The initial evaluation for each trauma patient is dictated by Advanced Trauma Life Support (ATLS®) (1), but as the complexity of the patient’s injuries compound, the management becomes more complicated. Historically the approaches were invasive but straightforward—open the appropriate body cavity, identify the bleeding organ, and repair the damage. The high morbidity and mortality garnered by this approach has created the evolution of new techniques and ideas in trauma. From the resuscitative thoracotomy to the resuscitative endovascular balloon occlusion of the aorta (REBOA); additions such as preperitoneal pelvic packing to the algorithm of management of pelvic fractures; and the refinement of damage control laparotomy; trauma surgery has continued to expand beyond the standard scope of traditional general surgery to become a multi-disciplinary specialty with its own lexicon of interventional and operative procedures.
Initial evaluation of a trauma patient follows the ATLS protocol: ABCDE (airway, breathing, circulation, disability, and exposure). The secondary survey looks for injuries and localizes pain, and imaging is taken into account. Point-of-care ultrasound has become a standard component of the secondary survey since it is noninvasive, sensitive in expert hands, and rapid to perform. Extended focused assessment with sonography for trauma (eFAST) focuses on identifying life-threatening torso hemorrhage (2,3) or pneumothorax by scanning the pericardial sac, right upper quadrant, left upper quadrant, pelvis, and lungs (4). It carries an acceptable sensitivity and specificity (92–97% and 93–99% respectively) (5-7). All areas of interest should be scanned completely using a sweeping motion in multiple planes. In multiple studies, including randomized trials, FAST decreased the time to OR (2,8) allowing more patients to be treated in the “golden hour” (9). Further evaluation of trauma patients using contrast enhanced ultrasound (CEUS) has shown promise in diagnosing solid organ injury (10), but currently CT remains the gold standard for evaluation and grading of these injuries (11). Additionally, it should be noted that retroperitoneal injuries are not well visualized on ultrasound (12), and thus CT is still typically performed. Procedures performed in the trauma bay, such as femoral central venous or arterial line placement are facilitated by ultrasound, much as US guided line placement is becoming standard in the ICU setting (13).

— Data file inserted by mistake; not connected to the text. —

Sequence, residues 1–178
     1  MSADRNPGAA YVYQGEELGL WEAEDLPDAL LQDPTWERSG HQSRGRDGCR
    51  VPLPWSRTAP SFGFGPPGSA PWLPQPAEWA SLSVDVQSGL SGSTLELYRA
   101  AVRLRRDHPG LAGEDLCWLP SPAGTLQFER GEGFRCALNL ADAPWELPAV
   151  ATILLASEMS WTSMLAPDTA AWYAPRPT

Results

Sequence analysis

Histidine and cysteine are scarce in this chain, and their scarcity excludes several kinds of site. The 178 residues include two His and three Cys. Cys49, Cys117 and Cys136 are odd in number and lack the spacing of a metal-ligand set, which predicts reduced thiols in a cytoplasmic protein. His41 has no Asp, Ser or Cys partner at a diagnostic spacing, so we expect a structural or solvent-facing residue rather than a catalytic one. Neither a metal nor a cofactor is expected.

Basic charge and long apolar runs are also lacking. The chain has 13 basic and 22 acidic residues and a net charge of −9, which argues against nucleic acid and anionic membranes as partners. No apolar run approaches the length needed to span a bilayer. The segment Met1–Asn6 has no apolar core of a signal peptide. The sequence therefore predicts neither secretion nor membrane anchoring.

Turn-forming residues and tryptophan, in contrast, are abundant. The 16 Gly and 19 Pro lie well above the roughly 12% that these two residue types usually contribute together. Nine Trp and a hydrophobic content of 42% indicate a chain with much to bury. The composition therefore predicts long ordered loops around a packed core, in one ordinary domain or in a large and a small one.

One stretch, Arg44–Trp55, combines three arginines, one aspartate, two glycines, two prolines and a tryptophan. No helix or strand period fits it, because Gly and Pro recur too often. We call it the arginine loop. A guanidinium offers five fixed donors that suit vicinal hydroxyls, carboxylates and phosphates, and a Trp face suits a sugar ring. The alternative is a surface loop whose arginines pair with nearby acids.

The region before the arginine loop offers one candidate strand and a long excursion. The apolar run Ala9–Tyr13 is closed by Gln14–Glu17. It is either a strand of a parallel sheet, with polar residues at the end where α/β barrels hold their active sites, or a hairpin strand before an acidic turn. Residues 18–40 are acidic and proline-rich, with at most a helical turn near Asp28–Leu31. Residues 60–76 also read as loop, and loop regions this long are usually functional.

Resuscitative endovascular balloon occlusion of the aorta